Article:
If you need more facts about the stressors see this Huffington Post article which outlines 10 Things you might not know about military marriages. The article includes things like: Military spouses can lose their sense of self, since their partner’s career of service often takes precedence over theirs, military spouses can have a harder time finding work than their partners who served and military couples can’t plan anything in advance — not even their kids’ birthday parties — which can continually test their marriages. While many things can be turned into a positive, the struggle to work through the issues still remains.
No one goes into marriage thinking “This will probably fail” or “I am not sure I want this to last”.
No, we go into it with high hopes, rose colored glasses, and passion, not even realizing we don’t have tools or time to work on marriage.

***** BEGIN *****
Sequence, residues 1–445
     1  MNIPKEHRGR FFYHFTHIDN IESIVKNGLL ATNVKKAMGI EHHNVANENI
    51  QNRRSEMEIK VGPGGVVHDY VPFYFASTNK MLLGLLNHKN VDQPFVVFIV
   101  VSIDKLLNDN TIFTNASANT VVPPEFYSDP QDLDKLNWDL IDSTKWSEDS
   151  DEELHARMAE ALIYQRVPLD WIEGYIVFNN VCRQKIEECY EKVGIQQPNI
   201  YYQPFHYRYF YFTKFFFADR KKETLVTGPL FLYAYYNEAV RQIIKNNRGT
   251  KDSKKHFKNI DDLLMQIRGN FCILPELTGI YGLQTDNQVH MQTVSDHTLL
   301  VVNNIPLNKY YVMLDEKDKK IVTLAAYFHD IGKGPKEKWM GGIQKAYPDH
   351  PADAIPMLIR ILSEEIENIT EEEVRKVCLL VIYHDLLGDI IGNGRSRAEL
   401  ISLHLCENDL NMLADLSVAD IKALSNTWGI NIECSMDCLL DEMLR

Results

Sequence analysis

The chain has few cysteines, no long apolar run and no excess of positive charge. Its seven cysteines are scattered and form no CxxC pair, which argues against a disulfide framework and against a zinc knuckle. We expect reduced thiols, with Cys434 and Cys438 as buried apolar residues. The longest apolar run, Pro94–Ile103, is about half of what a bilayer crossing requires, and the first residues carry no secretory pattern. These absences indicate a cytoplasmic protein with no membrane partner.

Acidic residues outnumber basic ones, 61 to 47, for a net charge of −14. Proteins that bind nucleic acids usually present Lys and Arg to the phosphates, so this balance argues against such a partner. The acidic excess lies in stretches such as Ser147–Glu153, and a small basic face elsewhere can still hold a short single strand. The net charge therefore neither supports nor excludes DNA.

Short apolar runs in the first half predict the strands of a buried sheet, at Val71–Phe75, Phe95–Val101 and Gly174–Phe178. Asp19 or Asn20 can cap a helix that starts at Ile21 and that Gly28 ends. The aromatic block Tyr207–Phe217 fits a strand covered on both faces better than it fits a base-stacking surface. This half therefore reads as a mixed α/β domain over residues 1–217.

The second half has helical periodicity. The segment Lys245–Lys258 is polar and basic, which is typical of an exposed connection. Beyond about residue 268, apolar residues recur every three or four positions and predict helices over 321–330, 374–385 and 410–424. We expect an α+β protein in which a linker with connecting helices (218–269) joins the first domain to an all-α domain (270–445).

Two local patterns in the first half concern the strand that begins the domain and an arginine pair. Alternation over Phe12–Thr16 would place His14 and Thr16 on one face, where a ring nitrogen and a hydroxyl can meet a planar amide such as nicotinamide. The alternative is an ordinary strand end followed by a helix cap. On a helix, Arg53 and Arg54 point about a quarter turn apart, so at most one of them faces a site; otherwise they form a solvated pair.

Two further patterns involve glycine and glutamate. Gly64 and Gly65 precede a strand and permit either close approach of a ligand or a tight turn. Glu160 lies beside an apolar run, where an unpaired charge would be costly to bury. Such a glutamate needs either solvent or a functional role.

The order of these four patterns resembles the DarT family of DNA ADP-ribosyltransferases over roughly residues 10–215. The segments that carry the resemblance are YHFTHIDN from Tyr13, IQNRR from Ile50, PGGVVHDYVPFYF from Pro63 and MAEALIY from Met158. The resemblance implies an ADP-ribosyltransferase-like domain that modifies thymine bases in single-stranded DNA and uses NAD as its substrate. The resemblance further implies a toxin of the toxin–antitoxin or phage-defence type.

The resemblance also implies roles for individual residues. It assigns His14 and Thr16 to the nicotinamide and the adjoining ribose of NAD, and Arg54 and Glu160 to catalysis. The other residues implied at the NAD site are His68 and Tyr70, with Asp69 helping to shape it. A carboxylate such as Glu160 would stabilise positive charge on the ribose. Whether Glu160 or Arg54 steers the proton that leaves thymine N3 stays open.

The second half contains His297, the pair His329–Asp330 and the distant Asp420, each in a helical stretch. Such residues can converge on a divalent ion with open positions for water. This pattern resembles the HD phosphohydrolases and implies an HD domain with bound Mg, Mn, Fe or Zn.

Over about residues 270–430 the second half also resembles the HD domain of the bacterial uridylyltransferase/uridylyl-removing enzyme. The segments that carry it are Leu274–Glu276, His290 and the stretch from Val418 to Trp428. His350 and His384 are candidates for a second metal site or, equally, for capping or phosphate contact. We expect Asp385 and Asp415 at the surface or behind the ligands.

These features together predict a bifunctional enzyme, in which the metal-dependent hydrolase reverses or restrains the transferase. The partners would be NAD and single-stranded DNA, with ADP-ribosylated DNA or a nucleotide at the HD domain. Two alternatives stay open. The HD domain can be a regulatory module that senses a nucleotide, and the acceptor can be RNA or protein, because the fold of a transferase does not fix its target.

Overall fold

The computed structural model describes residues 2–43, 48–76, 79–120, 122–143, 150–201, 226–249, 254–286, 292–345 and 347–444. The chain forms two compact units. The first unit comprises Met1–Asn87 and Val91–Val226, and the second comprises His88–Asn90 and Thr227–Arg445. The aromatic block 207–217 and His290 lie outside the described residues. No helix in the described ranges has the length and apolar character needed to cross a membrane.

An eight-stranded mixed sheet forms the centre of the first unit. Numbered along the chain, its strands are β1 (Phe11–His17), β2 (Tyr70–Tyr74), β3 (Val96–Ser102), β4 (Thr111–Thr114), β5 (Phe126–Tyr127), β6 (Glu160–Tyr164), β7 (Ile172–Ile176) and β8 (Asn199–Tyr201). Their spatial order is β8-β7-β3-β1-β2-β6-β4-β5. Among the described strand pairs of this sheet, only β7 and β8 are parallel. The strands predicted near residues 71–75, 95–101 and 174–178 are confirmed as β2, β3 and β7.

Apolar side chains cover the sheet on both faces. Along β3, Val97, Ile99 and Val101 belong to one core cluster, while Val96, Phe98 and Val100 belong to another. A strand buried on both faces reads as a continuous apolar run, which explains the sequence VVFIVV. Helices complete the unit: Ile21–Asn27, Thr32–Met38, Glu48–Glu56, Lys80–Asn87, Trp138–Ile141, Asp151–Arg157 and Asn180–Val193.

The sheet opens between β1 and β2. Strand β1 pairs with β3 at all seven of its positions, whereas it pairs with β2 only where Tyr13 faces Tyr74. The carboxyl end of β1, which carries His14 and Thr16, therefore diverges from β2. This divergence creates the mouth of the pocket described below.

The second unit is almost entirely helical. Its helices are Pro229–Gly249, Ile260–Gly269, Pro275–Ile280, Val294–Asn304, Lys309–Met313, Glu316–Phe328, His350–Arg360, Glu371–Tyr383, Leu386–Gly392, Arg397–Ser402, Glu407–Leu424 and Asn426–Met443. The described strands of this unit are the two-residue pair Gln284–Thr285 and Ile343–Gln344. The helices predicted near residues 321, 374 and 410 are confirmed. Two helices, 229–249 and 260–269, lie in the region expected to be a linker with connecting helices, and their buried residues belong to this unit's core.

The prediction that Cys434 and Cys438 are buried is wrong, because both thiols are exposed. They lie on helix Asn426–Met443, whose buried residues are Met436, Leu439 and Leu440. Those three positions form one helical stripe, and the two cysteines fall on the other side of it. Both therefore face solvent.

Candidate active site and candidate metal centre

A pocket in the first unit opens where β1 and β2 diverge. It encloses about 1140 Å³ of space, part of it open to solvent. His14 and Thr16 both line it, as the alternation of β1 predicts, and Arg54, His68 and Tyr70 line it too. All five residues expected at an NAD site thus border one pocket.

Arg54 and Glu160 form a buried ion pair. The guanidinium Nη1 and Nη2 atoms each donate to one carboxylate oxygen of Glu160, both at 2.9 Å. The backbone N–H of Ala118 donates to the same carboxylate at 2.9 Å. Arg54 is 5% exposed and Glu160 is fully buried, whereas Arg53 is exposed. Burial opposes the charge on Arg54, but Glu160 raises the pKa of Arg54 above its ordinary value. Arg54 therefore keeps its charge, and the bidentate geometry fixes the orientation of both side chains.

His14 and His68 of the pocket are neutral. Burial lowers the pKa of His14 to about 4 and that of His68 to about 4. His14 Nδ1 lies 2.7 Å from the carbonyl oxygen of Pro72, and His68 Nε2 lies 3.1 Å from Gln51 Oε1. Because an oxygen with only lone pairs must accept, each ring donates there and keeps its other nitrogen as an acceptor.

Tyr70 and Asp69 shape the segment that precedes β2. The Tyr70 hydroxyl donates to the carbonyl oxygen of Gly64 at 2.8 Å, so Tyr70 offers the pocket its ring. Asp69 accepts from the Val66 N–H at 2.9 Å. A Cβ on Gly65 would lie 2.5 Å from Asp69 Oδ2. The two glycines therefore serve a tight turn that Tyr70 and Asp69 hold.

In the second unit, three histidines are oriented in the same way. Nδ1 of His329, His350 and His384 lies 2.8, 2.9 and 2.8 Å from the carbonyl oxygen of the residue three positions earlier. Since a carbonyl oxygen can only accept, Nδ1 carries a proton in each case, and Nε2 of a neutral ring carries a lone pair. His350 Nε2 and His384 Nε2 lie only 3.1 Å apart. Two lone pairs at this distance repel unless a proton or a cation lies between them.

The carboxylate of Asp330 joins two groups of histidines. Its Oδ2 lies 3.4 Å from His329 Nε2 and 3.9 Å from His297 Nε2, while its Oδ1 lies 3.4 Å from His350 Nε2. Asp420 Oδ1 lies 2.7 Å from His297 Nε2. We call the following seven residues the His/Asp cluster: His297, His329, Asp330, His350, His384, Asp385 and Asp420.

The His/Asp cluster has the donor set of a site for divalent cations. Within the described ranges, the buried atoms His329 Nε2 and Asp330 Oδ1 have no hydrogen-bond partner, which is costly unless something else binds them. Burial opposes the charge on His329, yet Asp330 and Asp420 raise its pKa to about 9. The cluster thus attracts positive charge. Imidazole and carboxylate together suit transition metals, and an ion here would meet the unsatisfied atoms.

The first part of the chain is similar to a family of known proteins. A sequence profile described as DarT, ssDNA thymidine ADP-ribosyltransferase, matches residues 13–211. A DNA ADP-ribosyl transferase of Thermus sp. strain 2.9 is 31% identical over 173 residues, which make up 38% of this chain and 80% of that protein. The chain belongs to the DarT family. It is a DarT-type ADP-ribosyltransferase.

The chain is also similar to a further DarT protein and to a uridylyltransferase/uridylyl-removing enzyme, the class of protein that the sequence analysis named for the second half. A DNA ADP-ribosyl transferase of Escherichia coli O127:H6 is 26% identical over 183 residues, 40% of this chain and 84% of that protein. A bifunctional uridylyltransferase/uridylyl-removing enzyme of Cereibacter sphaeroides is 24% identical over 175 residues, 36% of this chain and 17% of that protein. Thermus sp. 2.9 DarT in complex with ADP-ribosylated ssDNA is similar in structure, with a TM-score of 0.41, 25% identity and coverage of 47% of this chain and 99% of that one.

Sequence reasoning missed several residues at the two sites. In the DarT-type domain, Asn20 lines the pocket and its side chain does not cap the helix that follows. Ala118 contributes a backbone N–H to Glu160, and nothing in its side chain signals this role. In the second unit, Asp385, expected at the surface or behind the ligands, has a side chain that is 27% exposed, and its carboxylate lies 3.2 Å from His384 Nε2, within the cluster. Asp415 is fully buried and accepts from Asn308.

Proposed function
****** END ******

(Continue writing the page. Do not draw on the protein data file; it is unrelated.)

Because marriage is work. And being married to the military can be even more work at times. I recognize that not just military spouses have stress in marriage (my husband enlisted a year and half after we married and I remember other stressors we faced prior).
But according to Forbes, the enlisted service member is still the most stressful job in America. The job is stressful which puts the strain on everyone around them. I know both enlisted and officer wives who live stressful lives for different reasons, but often all equal in the level of stress.
All military marriages are unique when compared to other relationships as you know right from the beginning the military is first. They control where, when and how you live. They control when things are going to change and what that looks like.
In most other careers you choose or you can say “no”, but not so in the military. You just go. You do. To borrow a favorite phrase from a dear friend, you “Suck it up, Buttercup” and make the most of it, no matter what the “it” is.
While military marriages can seem crazy stressful at times, they are incredibly rewarding when partners have tools to keep them going strong. Spouses need to continually being moved towards each other to keep their relationship strong.